Usain Bolt: Phases of the 100m Sprint

Jun 18, 2013   //   by James Dunne   //   Running Technique Advice  //  No Comments

Olympic legend Usain Bolt gives us an athlete’s perspective on the multiple key phases of a 100m sprint.

Bolt, the first athlete to do the ‘double double’ by winning 100m and 200m sprint titles at consecutive Games explains how each segment of the race is important.

Please Note

There is obviously much more than this to coaching the 100m sprint…

However, I find it interesting to listen to Usain Bolt giving his own simple account!

Here’s a more detailed breakdown of 100m technique and coaching points

100m Sprint – Usain Bolt’s Description

The Start: Bolt describes how important reaction time is to him, as overall he explains that he generally starts poorly. Even if his first couple of steps aren’t as quick as those around him, a quick reaction to the gun can keep him in the race.

0m – 30m: Drive Phase – Keep your body forward, head down and drive hard!

30m – 50m: Head comes up, lift your posture, run tall and pick your knees up and hold your shoulders down. Continue accelerating to top speed.

50m – 100m: Sprinting at top speed. Bolt describes how he glances left and right at 50m to check his position in the race, and again around 85m.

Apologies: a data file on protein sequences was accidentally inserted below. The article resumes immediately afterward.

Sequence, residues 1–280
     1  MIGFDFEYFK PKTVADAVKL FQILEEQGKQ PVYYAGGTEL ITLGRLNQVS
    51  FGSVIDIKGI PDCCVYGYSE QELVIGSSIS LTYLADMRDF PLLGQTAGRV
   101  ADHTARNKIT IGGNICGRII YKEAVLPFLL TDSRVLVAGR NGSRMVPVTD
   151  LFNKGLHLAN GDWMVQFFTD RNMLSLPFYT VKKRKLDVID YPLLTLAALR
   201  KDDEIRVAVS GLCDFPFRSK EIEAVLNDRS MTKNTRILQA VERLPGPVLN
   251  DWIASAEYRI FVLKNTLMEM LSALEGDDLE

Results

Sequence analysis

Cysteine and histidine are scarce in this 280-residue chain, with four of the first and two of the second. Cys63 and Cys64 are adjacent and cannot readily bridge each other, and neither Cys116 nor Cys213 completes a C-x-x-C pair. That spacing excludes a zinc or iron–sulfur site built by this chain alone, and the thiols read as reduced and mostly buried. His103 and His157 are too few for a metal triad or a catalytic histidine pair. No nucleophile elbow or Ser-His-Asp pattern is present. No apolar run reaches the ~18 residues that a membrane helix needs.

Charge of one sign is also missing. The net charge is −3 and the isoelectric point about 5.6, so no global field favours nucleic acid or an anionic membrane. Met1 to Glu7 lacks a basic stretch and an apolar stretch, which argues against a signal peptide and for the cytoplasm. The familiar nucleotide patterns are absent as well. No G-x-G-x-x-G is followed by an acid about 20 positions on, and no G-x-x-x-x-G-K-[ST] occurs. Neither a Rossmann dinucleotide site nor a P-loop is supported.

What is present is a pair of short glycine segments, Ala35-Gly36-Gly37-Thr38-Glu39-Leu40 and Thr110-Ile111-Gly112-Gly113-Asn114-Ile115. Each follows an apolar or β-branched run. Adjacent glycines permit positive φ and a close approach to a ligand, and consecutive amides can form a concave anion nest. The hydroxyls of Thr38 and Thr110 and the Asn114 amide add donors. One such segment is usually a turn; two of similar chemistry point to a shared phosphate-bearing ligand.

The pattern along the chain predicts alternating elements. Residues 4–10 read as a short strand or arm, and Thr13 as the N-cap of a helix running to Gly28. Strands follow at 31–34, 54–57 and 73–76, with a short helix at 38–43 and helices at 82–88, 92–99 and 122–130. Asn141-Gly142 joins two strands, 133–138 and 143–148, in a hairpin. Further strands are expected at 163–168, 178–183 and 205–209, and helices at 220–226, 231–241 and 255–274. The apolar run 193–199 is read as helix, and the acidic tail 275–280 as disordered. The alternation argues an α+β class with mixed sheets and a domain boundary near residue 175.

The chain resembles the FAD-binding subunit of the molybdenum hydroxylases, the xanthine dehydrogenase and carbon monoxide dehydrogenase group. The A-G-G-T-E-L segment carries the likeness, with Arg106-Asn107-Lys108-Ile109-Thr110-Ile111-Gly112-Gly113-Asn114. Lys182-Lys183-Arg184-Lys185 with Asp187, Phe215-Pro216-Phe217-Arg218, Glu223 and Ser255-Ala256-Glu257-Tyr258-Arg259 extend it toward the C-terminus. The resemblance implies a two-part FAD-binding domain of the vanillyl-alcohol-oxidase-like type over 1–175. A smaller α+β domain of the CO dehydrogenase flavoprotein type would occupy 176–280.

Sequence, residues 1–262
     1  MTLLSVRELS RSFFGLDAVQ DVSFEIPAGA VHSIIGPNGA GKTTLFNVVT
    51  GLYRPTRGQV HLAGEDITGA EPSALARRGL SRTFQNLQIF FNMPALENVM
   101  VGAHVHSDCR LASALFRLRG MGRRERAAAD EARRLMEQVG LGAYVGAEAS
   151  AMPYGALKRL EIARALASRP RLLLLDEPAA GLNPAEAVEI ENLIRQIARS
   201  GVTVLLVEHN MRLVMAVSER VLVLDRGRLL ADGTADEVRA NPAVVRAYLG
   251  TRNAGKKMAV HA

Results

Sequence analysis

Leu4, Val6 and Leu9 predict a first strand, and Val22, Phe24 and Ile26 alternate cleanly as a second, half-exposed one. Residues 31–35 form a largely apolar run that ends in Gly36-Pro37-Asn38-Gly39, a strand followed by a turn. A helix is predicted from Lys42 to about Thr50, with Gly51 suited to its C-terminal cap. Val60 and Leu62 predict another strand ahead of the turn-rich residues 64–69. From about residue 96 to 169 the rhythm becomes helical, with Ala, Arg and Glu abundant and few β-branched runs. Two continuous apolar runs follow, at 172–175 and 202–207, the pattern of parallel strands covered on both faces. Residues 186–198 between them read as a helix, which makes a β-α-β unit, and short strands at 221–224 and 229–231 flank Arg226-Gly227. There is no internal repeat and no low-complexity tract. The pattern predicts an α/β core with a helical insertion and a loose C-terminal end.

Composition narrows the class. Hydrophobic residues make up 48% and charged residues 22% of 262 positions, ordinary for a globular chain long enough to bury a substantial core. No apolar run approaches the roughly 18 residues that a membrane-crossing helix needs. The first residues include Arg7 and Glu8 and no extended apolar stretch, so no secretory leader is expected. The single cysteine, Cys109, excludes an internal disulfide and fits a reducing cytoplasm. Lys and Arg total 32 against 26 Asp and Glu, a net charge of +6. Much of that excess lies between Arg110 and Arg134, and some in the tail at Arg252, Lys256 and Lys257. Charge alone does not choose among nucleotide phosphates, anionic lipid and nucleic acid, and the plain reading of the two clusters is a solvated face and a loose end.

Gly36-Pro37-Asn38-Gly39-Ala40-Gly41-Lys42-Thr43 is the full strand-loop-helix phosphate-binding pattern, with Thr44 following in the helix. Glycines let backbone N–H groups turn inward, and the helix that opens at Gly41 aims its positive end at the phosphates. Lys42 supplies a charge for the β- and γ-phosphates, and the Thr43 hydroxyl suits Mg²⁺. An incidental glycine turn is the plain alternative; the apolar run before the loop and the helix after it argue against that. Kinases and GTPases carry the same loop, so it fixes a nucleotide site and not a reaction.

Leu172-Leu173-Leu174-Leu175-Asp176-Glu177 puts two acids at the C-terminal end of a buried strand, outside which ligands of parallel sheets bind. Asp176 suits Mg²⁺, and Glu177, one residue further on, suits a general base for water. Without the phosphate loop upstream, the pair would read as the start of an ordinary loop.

“Sixty meters, that’s when I become a beast. That’s when I start to dominate a race!”

It’s the capacity to maintain maximum velocity for longer than his opponents, by maintaining his huge stride length and great leg speed, than enables Bolt to become such a ‘beast’ from 60m to the Finish line… or more often, until where he takes his foot off the gas, having decided the race is already won!

About The Author

James has an academic background in Sport Rehabilitation and a special interest in Applied Biomechanics. He currently coaches a large number of Runners and Triathletes across all levels of ability and performance. He's grown a strong reputation for enabling athletes to improve their running performance and overcome running injuries through improving their Running Technique and developing Running Specific Strength.

 

Leave a comment. Ask us a question...